Celebrities Walking

Some of the most well-known people from history have employed walking as a daily activity. Steve Jobs, the former CEO of Apple, would walk around Palo Alto, California, and hold walking meetings with staff to maintain focus and idea creativity. Charles Darwin, the author of the 1859 book “On the Origin of Species,” walked a nearby sand and gravel trail with his dog reviewing and mulling over his theories in his mind, continuing to walk daily well into his 60’s. Tchaikovsky and Beethoven were both adamant daily walkers to enhance their health and creativity.

Recently, Apple added a new celebrity feature to its Fitness Plus program. “Time to Walk” is a celebrity-guided walking workout with new walks added every Monday, February through April 2021. The program combines music, inspiration, and exercise suggestions via famous musicians, athletes, and actors like Dolly Parton, Shawn Mendes, and Draymond Green through Apple Watch and Fitness Plus.

Your Walking Tech

My Samsung Active Watch 2, combined with my Samsung S8+ mobile phone, records metrics like distance traveled, number of calories burned, number of equivalent floors climbed, number of days I reached my target, and total steps by day, week, month, or year. It gives me reminders to get up from my chair and to walk to reach my daily steps target and calculates my stride length based on my height and cadence or steps per minute. Linking steps to my Samsung Health app allows me to combine this data with sleep patterns, weight, heart rate, and manually input data like water intake (usually about 3–4 litres a day), food consumed, blood glucose, and blood pressure for a more holistic picture of my health. These insights can affect your behaviours concerning your exercise as you get used to their meaning and related options to improve them.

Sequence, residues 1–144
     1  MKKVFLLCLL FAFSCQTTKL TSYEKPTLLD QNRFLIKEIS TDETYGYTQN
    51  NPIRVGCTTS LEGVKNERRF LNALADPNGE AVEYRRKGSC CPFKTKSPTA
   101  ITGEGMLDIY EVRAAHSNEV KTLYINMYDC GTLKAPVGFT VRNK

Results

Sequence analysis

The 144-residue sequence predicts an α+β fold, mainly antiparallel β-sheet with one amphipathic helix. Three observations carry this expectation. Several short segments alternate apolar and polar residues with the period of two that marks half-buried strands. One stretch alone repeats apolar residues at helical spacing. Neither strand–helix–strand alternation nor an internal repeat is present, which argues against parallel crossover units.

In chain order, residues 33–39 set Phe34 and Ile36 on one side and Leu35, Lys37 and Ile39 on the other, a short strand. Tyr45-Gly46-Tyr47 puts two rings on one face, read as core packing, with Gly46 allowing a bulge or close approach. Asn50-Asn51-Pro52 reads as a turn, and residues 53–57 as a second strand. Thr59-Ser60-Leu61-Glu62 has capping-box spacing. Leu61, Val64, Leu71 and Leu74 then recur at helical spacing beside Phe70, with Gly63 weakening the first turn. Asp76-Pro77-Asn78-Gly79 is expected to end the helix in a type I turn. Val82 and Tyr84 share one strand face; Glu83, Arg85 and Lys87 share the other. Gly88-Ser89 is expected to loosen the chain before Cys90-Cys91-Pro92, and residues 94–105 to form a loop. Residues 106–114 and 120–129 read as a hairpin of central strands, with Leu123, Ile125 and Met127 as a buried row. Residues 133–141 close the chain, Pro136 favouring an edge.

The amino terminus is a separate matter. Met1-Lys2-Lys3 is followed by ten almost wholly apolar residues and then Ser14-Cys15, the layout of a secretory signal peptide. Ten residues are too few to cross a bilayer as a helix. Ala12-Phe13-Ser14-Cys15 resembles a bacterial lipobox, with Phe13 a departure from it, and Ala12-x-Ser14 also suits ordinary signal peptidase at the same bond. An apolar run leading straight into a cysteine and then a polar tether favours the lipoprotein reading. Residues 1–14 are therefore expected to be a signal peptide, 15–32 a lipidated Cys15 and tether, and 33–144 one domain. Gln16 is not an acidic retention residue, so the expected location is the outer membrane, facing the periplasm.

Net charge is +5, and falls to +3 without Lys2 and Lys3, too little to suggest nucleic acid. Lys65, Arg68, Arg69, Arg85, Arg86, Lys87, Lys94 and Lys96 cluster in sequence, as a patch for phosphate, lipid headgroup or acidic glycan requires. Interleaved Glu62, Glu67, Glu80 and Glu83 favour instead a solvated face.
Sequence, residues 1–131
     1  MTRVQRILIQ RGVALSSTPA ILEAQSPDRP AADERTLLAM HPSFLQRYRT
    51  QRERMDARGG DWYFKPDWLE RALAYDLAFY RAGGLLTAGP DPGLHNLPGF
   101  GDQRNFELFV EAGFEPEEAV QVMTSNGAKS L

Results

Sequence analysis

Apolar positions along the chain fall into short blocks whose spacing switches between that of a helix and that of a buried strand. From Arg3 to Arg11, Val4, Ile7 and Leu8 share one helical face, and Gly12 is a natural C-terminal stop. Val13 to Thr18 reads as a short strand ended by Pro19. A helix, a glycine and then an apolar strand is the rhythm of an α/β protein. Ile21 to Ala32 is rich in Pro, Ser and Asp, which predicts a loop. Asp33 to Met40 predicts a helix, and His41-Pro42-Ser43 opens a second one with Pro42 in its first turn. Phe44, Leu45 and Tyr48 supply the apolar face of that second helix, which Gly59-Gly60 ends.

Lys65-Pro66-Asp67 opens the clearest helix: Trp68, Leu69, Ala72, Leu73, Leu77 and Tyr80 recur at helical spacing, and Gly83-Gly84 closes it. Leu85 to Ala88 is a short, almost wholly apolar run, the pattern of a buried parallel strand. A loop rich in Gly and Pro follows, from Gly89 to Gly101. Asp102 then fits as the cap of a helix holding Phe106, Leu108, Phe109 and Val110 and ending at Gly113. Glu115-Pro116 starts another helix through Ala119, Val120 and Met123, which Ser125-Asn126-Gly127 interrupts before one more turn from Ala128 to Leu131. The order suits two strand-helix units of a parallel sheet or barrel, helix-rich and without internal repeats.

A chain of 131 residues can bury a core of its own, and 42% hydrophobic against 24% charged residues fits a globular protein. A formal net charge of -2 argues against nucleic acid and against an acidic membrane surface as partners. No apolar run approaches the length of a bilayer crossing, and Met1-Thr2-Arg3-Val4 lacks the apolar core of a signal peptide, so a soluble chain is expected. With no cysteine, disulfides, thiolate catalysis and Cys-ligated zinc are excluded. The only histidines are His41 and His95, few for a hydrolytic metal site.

Living longer in a healthy, more independent way can be vastly improved by walking. It’s something most people can do but do not put enough emphasis on or sufficiently prioritize. Being able to do things around the house, store, or in society, in general, will afford you more opportunities to do the things you want to do longer. So, take your dog, a family member, a friend, and your smartwatch out for a walk today.

To Learn More:

If you would like to learn more about successfully navigating the digital health world and embedding the technology into your own health regimen, look for “Deep Health: Using Artificial Intelligence to Live Longer & Healthier” on Amazon, and see our contact information below.

#digitalhealth #ai #artificialintelligence #healthcare #healthtechnology #fitnesstechnology

Brian Lenahan is the author of four Amazon-published books on artificial intelligence including the Bestseller “Artificial Intelligence: Foundations for Business Leaders and Consultants”. He is a former executive in a Top 10 North American bank, a University Instructor, and mentors innovative companies in the Halton and Hamilton areas. Brian’s training in AI comes from MIT and he writes extensively on artificial intelligence and quantum computing.



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Brian Lenahan

Brian Lenahan, former executive, advanced tech consultant, author of four Amazon-published books on AI and the author of the upcoming book “Quantum Boost”